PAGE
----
Partying Apart

by Joy Bernard | 28.03.16

Troubled by the sense of time slipping away from him, Partying Apart’s protagonist experiences a crisis in his late twenties.

He wakes up on the morning of the Purim holiday (the Jewish equivalent of Halloween) after dreaming a disturbing dream about Galit, a girl he last saw when they studied together at elementary school. Asaf joins his friend at a costume party, where he accidentally meets Galit there. Galit has dreams too. Will their dreams ever come together?

This intriguing film left us excited as well as overwhelmed by a sense of confusion and nostalgic deja-vu. We had a little talk with director Asaf Asulin to learn more.

Hi Asaf! We’re very excited to feature Parting Apart! Please introduce yourself to our Telavivians.

Asaf: “I was raised in Ra’anana, Israel. When I turned 10 years old I started taking an interest in cinema and tried to make films, it was pretty clear to me that this was the thing I wanted to deal with in life and that hasn’t changed since.
I gradually developed other hobbies such as music and poetry. I even published a poetry book in 2010 that was called “That Which Was Lost In Advance” (in Hebrew- מה שאבד מראש) and it was relatively successful, but it was still a one-time thing and I didn’t have enough motivation to continue publishing my poems.
These day I’m working on two different feature films. One is being developed by the Jerusalem International Film Lab.
Also, right now, Israeli singer Evyatar Banay is releasing a music video that I directed, which I’m really excited about. It’s been years since I directed music videos and the experience was so positive it made me want to go back to doing that. We’ll see, maybe that will actually happen.”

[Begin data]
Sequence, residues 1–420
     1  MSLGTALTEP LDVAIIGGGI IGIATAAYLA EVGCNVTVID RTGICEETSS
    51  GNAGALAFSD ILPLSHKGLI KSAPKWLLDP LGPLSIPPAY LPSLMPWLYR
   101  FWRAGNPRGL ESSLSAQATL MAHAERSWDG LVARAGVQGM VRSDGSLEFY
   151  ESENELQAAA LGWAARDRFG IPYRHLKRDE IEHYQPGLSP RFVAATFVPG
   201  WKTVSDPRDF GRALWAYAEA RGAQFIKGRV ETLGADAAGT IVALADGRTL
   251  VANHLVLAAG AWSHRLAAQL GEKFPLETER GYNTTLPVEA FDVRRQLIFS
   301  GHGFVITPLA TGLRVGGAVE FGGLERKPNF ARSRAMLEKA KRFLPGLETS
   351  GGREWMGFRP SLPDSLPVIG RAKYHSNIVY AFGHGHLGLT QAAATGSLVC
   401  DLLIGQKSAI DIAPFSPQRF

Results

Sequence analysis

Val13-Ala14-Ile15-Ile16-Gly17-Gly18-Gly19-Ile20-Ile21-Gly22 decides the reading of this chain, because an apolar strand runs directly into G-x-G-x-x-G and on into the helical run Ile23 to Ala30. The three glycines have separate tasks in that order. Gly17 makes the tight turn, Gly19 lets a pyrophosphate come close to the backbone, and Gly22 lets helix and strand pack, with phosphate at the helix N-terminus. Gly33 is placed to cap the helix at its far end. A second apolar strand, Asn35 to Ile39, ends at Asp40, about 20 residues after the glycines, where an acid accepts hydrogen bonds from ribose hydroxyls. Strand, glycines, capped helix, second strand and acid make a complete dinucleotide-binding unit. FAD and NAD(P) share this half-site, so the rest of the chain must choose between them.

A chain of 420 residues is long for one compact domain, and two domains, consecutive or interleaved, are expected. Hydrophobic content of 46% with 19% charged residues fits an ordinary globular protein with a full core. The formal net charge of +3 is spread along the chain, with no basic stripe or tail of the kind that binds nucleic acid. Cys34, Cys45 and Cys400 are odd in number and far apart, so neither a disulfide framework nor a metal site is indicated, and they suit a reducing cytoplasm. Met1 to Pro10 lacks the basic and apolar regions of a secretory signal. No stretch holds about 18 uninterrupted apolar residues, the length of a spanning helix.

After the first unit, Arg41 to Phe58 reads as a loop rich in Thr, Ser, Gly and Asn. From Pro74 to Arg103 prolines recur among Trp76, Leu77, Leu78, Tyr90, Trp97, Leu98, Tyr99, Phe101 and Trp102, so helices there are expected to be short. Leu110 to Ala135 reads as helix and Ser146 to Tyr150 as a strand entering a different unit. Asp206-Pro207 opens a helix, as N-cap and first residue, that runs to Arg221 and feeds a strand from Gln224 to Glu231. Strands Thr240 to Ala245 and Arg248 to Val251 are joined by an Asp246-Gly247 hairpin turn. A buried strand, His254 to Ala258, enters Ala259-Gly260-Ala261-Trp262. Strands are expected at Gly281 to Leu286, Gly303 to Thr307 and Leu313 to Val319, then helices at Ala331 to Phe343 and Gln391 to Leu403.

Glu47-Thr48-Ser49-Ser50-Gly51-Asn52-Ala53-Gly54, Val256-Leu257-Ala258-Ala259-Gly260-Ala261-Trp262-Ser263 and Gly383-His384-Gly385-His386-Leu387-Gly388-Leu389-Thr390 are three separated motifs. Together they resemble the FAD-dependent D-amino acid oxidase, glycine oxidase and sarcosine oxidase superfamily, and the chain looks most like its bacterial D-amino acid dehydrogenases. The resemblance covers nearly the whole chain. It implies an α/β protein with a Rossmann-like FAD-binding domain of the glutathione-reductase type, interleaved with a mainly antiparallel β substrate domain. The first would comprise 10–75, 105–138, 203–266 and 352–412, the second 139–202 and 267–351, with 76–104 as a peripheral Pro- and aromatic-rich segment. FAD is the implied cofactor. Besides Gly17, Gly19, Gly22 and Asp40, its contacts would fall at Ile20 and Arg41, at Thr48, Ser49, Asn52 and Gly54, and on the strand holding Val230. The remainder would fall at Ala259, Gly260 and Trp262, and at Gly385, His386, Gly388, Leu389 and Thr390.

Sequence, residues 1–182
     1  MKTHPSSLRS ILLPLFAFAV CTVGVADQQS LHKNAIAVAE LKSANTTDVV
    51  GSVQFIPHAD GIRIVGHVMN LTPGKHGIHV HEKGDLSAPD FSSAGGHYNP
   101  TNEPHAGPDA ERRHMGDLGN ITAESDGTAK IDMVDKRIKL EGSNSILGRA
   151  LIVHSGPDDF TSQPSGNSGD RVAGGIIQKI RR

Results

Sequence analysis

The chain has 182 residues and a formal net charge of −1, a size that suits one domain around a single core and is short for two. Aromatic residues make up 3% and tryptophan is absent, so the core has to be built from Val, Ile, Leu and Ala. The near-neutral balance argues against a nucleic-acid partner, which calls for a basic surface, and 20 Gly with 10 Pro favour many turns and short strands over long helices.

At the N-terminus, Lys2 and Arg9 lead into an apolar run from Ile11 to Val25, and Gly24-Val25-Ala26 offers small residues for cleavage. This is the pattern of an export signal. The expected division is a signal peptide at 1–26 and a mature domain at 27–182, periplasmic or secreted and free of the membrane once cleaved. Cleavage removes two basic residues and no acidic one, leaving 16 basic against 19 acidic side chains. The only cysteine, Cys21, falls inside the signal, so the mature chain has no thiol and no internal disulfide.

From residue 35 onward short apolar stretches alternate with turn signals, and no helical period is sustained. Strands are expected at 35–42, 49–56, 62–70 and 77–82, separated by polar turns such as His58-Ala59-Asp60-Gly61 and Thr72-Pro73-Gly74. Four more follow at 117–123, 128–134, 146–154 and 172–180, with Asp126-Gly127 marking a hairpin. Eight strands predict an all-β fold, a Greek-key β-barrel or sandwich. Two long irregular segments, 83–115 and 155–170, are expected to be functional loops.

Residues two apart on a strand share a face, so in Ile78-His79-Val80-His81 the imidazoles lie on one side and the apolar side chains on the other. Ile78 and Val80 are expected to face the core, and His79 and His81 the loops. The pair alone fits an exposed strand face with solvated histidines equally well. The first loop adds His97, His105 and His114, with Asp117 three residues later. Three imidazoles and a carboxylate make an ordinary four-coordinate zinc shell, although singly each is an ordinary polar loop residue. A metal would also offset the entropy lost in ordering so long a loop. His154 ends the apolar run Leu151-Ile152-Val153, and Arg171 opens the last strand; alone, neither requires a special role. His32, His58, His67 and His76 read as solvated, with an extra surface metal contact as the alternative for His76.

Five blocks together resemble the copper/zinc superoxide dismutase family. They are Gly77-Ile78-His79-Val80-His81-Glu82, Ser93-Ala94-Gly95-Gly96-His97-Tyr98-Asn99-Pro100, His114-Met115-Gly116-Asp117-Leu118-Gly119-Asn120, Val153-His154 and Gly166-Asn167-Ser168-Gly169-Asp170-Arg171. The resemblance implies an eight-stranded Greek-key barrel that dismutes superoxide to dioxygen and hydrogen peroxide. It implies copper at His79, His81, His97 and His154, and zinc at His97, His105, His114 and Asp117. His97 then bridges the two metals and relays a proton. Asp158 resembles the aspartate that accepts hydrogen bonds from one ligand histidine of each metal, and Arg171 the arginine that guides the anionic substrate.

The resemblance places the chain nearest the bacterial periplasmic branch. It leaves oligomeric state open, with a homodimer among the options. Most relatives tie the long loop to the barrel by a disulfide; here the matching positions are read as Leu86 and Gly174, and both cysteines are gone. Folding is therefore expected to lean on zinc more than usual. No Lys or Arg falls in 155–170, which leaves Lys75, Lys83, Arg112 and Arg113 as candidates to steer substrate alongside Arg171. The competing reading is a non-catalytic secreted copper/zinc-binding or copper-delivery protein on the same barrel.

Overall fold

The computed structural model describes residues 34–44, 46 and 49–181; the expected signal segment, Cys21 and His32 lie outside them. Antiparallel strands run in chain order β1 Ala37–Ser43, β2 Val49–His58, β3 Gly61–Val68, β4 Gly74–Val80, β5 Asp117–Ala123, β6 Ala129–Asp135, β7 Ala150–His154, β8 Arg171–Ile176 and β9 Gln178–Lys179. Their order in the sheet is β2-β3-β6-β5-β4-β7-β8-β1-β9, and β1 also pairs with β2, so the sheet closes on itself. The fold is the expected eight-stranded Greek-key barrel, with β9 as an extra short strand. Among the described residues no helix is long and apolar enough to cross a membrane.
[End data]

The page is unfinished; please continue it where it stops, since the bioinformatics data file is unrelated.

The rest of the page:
Tell us a bit about the making of the film.

Asaf: “I made Partying Apart in 2011, as my final project at the Sam Spiegel Film & Television School in Jerusalem. It was a very challenging experience. I actually wrote a lot of scripts, and all of them had something to do with parties. One of them was about an apocalyptic, end of the world party. Another was about a man and a woman who for thirty years meet one another annually at the same Purim party and each time they’re dressed in different costumes. The casting was also super difficult, but I guess that the hardest part was actually writing the script.”

Why do you think that the writing was that challenging?

Asaf: “When you make a short film you know that it has to fit a certain framework, and once you feel like you have to make it compact and shorten and change things, it begins to be problematic. It also took forever to find my lead actor and eventually we cast Itamar Rothschild, who at that point never acted in his life and was a musician I knew and loved. We auditioned him for the role and something clicked, so I just decided to take a leap of faith.”

What is your message for the viewers? What kind of feeling did you want them to experience?

Asaf: “I’m not really good at conveying messages, and I also don’t really see the point of that. When I work on a film I mainly think about the experience that my viewers will go through. I see it as some kind of long tunnel that the viewers must pass through. I think that at the time I was making Partying Apart, and maybe even today as well, I was interested in exploring life’s personal, existential experiences through rather banal situations. At the time I was also very interested in time and its meaning.
Something about how evasive time is was fascinating to me and I wanted to bring my wonderment into the film. I think that my decision to place the plot in the future (the film takes place in 2016 but it was filmed in 2011) was also an attempt to address the subject of time.
And there you go- it’s strange how the film takes place in present time but after the initial screening in 2011 people who watched it told me that it feels a little futuristic. Funny how things work out that way… I did want to give the viewers an experience that is a little detached on the one hand and on the other hand, kind of familiar, like in a dream.”


Watch ‘Partying Apart’ on Telavivian Cinema.

Telavivian Cinema is a project which will unveil work of cinematic art crafted by local directors.

From animation to drama to comedy, Telavivian short films will be streamed weekly and accompanied by our conversations with the their talented makers. Make sure you stay tuned for the screenings, as the films featured in the magazine will change on a weekly basis.

Telavivian Cinema is curated by Joy Bernard.


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